Syncing Pro Audio and Video For Live Streaming

Live streaming brings a unique set of challenges, of which syncing audio and vide is one of the biggest. Matt Vanacoro shows you how to avoid sync pitfalls and keep everything running smoothly.  

Getting your pro audio to behave and stay locked with your video can sometimes be a daunting task. While video quality of smartphones and inexpensive cameras is increasing with every generation, audio is sorely lagging behind. If you’re going to stream musical performances that are important to you or that have a professional feel, you’re going to want to capture that audio directly, and likely, separately from your video. Here are some tips to put it all back together before you stream it to the teeming masses.

1 - Prepare Your Audio As If You Were Recording

Step one in your audio process should be to set up as if you were tracking in your studio. If possible, get everything coming into your audio interface and utilize an audio interface that allows for latency free monitoring and mixing. While I utilize the Universal Audio Apollo series, they are not the only choice. Focusrite, RME, MOTU and many other top companies offer interfaces with accompanying mixing software that allows you to create a live mix without a DAW.

2 - Don’t Forget Those Plugins (if you have them)

If your audio interface includes preamp simulation or plugins that will help you get a studio sound in a live situation, now’s the time to enable them. When I’m tracking acoustic guitars, I’m likely going to utilize a compressor, EQ, and some ambiance plugins - so why not use them live if the option is available? Many audio interfaces allow you to put plugins on your mix with no discernible latency. If you don’t have an interface that does this, you can always open up your favorite DAW, enable monitoring and load your plugins up in a mixer window, then route the audio from that computer to ANOTHER computer which handles the live stream. Don’t worry about the latency, we’re going to be monkeying with it on the streaming side anyway.

3 - Get OBS, Wirecast, or its Equivalent

Open Broadcaster Software, or OBS, is extremely popular not only because it’s free, but also immensely powerful. These apps basically let you stream to a variety of services, but will let you combine multiple cameras, angles, audio sources and graphics before the stream gets to the site you’re using. Think of this app as a software version of a big video mixing board. You put everything into your streaming app, choose your video sources and audio sources (which you can switch on the fly) and head off to the races.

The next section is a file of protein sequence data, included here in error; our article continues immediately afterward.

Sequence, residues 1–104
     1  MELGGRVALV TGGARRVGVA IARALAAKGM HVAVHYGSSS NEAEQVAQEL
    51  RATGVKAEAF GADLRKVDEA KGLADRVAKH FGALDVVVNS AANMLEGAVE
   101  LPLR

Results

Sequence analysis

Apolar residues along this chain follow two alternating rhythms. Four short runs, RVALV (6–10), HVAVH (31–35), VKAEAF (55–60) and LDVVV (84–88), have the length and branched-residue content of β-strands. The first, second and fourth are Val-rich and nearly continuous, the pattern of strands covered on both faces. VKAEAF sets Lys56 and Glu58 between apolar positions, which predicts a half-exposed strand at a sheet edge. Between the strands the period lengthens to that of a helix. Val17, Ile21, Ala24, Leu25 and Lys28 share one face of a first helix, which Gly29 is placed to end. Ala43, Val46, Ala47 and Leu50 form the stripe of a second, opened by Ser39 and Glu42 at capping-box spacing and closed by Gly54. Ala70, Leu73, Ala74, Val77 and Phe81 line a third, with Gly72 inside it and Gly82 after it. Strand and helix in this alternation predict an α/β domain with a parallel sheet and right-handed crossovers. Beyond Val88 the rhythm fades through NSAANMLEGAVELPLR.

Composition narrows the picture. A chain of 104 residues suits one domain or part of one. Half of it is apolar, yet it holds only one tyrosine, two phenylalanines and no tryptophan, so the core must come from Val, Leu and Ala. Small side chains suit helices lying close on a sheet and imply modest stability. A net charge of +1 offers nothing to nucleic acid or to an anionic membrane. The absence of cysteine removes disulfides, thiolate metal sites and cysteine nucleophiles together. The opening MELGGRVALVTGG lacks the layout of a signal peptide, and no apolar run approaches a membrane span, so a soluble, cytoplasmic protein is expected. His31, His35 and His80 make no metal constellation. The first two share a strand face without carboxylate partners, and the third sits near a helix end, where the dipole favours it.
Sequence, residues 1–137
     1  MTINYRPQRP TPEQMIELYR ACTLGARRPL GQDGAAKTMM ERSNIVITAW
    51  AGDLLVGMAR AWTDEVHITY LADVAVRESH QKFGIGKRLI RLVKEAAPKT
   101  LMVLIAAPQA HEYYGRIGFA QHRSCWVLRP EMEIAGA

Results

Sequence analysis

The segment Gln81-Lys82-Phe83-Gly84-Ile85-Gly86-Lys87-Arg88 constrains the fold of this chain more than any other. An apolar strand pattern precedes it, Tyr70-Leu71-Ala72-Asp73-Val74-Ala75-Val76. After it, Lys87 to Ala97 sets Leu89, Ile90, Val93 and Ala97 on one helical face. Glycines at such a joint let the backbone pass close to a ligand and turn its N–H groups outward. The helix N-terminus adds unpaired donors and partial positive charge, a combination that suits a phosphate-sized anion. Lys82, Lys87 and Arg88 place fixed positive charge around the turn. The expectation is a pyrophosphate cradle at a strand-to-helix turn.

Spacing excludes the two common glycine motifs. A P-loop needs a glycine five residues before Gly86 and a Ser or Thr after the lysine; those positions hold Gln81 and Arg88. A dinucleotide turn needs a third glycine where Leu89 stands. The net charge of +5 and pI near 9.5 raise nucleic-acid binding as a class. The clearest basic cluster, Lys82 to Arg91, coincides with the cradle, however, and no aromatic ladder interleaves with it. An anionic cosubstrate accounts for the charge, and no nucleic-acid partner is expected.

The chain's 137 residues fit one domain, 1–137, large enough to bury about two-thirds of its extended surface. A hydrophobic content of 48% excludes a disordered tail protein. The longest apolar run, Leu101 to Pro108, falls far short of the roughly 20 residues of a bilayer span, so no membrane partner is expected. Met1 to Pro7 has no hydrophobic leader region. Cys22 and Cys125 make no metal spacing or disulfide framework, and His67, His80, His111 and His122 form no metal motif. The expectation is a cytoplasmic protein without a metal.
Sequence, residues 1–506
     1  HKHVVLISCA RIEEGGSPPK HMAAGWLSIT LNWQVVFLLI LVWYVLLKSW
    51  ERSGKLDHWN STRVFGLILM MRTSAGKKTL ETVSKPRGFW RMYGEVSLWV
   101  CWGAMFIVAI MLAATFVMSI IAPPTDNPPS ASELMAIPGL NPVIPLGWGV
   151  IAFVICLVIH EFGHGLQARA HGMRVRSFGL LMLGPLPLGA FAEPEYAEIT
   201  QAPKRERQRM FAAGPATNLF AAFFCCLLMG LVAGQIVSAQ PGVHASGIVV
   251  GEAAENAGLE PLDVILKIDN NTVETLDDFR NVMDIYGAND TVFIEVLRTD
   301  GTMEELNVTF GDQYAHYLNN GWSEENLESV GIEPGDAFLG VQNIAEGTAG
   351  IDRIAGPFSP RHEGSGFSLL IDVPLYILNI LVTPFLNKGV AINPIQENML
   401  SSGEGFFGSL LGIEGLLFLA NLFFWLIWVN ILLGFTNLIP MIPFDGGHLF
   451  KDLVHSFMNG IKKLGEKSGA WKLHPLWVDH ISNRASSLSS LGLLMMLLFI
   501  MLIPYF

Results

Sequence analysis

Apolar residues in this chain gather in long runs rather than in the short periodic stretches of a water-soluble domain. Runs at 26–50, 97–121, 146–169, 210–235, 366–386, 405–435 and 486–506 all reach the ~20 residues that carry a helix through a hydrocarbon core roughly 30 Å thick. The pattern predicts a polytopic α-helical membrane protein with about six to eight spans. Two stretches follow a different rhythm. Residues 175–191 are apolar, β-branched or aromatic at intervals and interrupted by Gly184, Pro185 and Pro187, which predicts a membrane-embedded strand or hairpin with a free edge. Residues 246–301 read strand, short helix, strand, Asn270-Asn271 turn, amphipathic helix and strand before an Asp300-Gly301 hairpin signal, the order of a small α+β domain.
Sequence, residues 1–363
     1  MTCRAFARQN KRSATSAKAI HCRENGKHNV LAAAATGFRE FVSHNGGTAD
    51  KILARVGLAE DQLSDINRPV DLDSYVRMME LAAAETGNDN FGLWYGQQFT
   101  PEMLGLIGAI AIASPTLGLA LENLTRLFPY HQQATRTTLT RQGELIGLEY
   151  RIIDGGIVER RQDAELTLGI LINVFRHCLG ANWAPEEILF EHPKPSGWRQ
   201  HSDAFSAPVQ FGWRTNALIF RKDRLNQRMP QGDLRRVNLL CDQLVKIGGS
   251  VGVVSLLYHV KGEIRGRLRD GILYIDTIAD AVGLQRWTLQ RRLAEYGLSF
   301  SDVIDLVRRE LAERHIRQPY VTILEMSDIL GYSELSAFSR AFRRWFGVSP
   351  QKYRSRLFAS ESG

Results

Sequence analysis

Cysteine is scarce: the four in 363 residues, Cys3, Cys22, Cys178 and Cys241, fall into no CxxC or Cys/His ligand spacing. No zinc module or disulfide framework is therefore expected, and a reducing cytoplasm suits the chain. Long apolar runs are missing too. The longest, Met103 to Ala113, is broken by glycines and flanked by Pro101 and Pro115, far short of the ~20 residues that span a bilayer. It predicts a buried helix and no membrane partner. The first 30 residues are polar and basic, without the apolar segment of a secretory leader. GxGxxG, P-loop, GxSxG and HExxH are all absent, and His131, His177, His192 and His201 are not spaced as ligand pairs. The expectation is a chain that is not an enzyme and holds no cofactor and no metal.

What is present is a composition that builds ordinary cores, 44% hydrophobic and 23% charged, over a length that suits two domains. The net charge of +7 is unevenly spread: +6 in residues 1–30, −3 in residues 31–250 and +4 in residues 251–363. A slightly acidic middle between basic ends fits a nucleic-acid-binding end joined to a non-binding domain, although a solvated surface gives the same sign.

4 - Adjust the Sync Offset and Test or Test Record

Now that you’ve added in your devices (like your camera capture device and audio interface) you’ll want to adjust the sync offset for each device. This can be entered in as negative or positive values, depending if the audio is earlier or later than the video. Even if you’re using tons of plugins and have some latency, some video capture devices may be slower than your audio interface due to codec and compression happening in the background, so don’t assume your audio is always behind!

You can test this out in one of two ways - you can simply enable a live stream and have someone watch it, then they can report whether you’re a little ahead or a little behind in terms of audio. I usually utilize a snare drum to act as a ‘slate’ as it’s a simple percussive sound that you can easily tell is behind or ahead of the video. If you don’t have the manpower to monitor the feed, you can simply record a test run with OBS or your favorite streaming software. The recorded test run will utilize the same audio/video sync values, so if it looks good in the recording, it will likely look good to the world on the streaming side.

This is only one small aspect of professional AV broadcasting, but it’s an important one, and it’s something that is easily addressed before you stream. Now stop using that built in camera mic and start using that expensive audio interface you’ve got in your studio!

Learn more about pro audio production in the Ask.Audio Academy:

Matt Vanacoro is one of New York's premier musicans. Matt has collaborated as a keyboardist in studio and on stage with artists such as Jordan Rudess (Dream Theater), Mark Wood (Trans-Siberian Orchestra), Mark Rivera (Billy Joel Band), Aaron Carter, Amy Regan, Jay Azzolina, Marcus Ratzenboeck (Tantric), KeKe Palmer, C-Note, Jordan Knig... Read More


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